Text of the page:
Two brigades from Henry Heth's division marching into Gettysburg Pa, to look for shoes and other supplies were engaged by Federal cavalry under the command of John Buford. This was the beginnings of the battle of Gettysburg which lasted three days and would end up costing Federal forces 23,055 men Killed, Wounded and missing. The Confederate forces lost 23,251. In that number were members of the 26th North Carolina regiment who went into the fight with 839 men, but by the time the battle was over, only 152 were left standing. This was the highest casualty rate suffered by any regiment North or South in the entire Civil War.
American Army troops (Including the 1st U.S. Volunteer Cavalry, "The Rough Riders") captured the San Juan Heights outside the city of Santiago, Cuba. Killed in this engagement was a personal hero of mine Captain William "Bucky" O'Neil.
William Owen "Buckey" O'Neill. Born 2 February 1860
Sheriff, Yavapai County, Arizona Territory
Mayor, Prescott, Arizona Territory
Captain, Troop A First U.S. Vol. Cav. " The Rough Riders"
K.I.A. 1 July 1898 in the assault on Kettle Hill, San Juan Hts. Cuba
"The most serious loss that I and the regiment could have suffered
befell just before we charged. Buckey O'Neill was strolling up and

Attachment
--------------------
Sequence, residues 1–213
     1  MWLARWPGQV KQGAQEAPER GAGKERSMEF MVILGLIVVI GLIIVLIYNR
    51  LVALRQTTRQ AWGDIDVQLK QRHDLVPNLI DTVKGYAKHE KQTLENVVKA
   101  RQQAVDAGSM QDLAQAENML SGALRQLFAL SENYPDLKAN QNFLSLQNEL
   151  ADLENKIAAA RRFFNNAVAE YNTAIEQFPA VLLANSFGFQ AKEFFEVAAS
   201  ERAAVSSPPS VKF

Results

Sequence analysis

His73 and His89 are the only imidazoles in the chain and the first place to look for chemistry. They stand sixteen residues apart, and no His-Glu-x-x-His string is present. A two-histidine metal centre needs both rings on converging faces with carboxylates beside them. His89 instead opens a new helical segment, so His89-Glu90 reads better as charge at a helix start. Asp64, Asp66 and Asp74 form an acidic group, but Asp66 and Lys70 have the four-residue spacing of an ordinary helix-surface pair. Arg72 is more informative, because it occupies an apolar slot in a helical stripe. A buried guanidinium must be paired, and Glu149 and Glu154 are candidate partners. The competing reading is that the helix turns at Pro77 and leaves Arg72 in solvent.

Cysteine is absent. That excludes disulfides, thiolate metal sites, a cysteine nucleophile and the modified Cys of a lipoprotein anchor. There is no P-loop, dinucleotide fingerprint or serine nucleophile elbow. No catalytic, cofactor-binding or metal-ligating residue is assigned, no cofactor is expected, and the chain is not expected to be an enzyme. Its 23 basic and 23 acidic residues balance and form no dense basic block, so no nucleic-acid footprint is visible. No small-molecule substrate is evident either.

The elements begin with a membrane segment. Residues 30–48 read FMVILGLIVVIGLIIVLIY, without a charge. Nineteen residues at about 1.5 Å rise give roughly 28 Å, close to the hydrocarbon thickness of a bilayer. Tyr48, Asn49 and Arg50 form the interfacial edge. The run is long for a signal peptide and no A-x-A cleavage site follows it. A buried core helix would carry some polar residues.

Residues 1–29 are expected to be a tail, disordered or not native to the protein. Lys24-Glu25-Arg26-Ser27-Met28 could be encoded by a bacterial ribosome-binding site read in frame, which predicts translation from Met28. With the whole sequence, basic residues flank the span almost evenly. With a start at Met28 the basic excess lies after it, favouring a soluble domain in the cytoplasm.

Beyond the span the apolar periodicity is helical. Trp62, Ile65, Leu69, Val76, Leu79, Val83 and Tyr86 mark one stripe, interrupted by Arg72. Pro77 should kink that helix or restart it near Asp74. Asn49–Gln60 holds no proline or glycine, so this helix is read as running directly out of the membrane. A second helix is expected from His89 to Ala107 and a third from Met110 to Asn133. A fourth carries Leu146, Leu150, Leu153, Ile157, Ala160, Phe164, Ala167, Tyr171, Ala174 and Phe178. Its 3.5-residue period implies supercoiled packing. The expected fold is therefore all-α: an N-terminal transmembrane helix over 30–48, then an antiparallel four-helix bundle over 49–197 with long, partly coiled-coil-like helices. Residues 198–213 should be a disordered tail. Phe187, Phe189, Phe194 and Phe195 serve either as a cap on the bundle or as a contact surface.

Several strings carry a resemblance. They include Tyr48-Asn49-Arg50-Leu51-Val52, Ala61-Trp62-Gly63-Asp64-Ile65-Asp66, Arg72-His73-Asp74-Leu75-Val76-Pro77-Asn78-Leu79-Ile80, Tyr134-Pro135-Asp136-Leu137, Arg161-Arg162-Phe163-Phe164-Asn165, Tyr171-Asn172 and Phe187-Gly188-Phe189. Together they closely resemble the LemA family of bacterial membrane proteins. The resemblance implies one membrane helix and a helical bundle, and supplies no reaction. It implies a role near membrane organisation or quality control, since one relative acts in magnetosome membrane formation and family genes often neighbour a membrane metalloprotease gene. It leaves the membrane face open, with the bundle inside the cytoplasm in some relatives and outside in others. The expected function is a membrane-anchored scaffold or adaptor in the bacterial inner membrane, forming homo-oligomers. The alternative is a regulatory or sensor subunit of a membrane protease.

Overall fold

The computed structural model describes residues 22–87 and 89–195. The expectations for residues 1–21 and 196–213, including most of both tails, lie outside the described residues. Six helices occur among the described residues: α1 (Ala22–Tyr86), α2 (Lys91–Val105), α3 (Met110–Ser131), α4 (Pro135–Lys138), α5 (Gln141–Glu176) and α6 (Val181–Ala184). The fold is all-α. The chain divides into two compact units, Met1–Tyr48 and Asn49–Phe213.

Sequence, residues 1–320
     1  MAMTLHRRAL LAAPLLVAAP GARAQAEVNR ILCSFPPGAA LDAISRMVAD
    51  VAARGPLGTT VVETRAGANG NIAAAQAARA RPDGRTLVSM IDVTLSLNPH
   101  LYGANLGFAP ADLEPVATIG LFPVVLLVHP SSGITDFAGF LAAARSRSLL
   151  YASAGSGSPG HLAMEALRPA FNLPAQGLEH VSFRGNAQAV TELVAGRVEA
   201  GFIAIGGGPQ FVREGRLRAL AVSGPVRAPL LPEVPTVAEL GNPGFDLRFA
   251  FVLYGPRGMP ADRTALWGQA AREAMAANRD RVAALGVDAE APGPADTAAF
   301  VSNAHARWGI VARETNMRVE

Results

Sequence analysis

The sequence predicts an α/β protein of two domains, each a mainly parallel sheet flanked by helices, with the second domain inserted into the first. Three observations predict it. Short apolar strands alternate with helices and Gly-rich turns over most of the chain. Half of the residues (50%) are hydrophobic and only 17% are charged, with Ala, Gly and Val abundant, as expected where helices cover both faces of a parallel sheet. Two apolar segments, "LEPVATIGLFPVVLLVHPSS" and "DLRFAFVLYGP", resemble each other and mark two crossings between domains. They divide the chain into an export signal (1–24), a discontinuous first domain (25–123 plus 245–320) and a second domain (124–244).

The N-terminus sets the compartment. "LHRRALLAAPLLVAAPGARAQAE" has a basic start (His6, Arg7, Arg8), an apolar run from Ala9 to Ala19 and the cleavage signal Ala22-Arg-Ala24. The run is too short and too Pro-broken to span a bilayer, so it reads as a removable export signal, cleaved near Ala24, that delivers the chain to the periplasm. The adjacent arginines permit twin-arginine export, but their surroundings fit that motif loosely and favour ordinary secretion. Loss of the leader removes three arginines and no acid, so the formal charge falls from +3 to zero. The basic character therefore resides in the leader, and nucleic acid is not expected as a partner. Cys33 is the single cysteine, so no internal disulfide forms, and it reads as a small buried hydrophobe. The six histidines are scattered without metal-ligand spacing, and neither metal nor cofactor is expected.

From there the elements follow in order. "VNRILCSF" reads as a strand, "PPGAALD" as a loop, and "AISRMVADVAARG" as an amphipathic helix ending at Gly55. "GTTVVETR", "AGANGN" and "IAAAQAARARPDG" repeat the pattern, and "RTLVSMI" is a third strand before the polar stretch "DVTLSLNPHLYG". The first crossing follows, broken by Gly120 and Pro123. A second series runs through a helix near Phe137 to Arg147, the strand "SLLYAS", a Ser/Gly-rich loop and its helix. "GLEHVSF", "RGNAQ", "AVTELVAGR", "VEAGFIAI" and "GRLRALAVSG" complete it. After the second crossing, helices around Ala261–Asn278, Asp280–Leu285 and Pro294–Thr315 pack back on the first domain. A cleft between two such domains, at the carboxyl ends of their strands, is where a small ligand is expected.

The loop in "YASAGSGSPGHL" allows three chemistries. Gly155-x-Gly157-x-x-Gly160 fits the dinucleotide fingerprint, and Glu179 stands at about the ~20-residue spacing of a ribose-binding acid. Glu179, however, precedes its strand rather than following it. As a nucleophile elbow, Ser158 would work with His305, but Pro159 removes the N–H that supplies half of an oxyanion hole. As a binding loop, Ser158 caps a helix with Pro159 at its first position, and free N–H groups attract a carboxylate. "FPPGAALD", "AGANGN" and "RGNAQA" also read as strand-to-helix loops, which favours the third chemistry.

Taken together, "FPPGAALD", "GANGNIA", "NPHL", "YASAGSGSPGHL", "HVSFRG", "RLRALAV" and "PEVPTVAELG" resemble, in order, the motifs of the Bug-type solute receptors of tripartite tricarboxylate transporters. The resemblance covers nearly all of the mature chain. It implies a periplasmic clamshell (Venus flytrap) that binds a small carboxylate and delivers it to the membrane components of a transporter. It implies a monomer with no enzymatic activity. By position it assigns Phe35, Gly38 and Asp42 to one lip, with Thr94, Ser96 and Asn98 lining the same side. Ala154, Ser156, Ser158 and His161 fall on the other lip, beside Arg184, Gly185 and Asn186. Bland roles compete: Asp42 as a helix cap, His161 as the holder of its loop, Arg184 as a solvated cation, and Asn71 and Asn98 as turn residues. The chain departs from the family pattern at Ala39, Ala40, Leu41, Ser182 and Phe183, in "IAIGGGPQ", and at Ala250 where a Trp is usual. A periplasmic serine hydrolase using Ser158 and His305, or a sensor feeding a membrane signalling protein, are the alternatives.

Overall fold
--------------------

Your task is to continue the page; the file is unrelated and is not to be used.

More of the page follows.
down in front of his men, smoking his cigarette, for he was
inveterately addicted to the habit. He had a theory that an officer
ought never to take cover-a theory which was wrong, though in a
volunteer organization the officers should certainly expose
themselves very fully, simply for the effect on the men; our
regimental toast on the transport running "the officers; may the war
last until each is killed, wounded or promoted." As O'Neill moved to
and fro, his men begged him to lie down, and one of his sergeants
said "Captain, a bullet is sure to hit you." O'Neill took his
cigarette out of his mouth and blowing out a cloud of smoke laughed
and said "Sergeant, the Spanish bullet isn't made that will kill me."
A little later, he discussed for a moment with one of the regular
officers the direction from which the Spanish fire was coming. As he
turned on his heel a bullet stuck him in the mouth and came out the
back of his head; so that even before he fell his wild and gallant
soul had gone out into the darkness"
The Rough Riders pp 123-124
"Who would not die for a new star in the flag"
On the tombstone of "Buckey" O' Neill at Arlington
"We may have great men.......but we'll never have better!"
Down by the Glenside
The beginning of the Battle of the Somme. Before the sun set on this first day of battle, over 20,000 British and Commonwealth soldiers would be killed, and over 40,000 would be wounded. The battle continued until November 18th 1916. At the end of the battle, it was estimated that over one and a half million men Allied and German had been casualties.
In remembrance of the men of the 36th (Ulster) division. Requiescat in pace.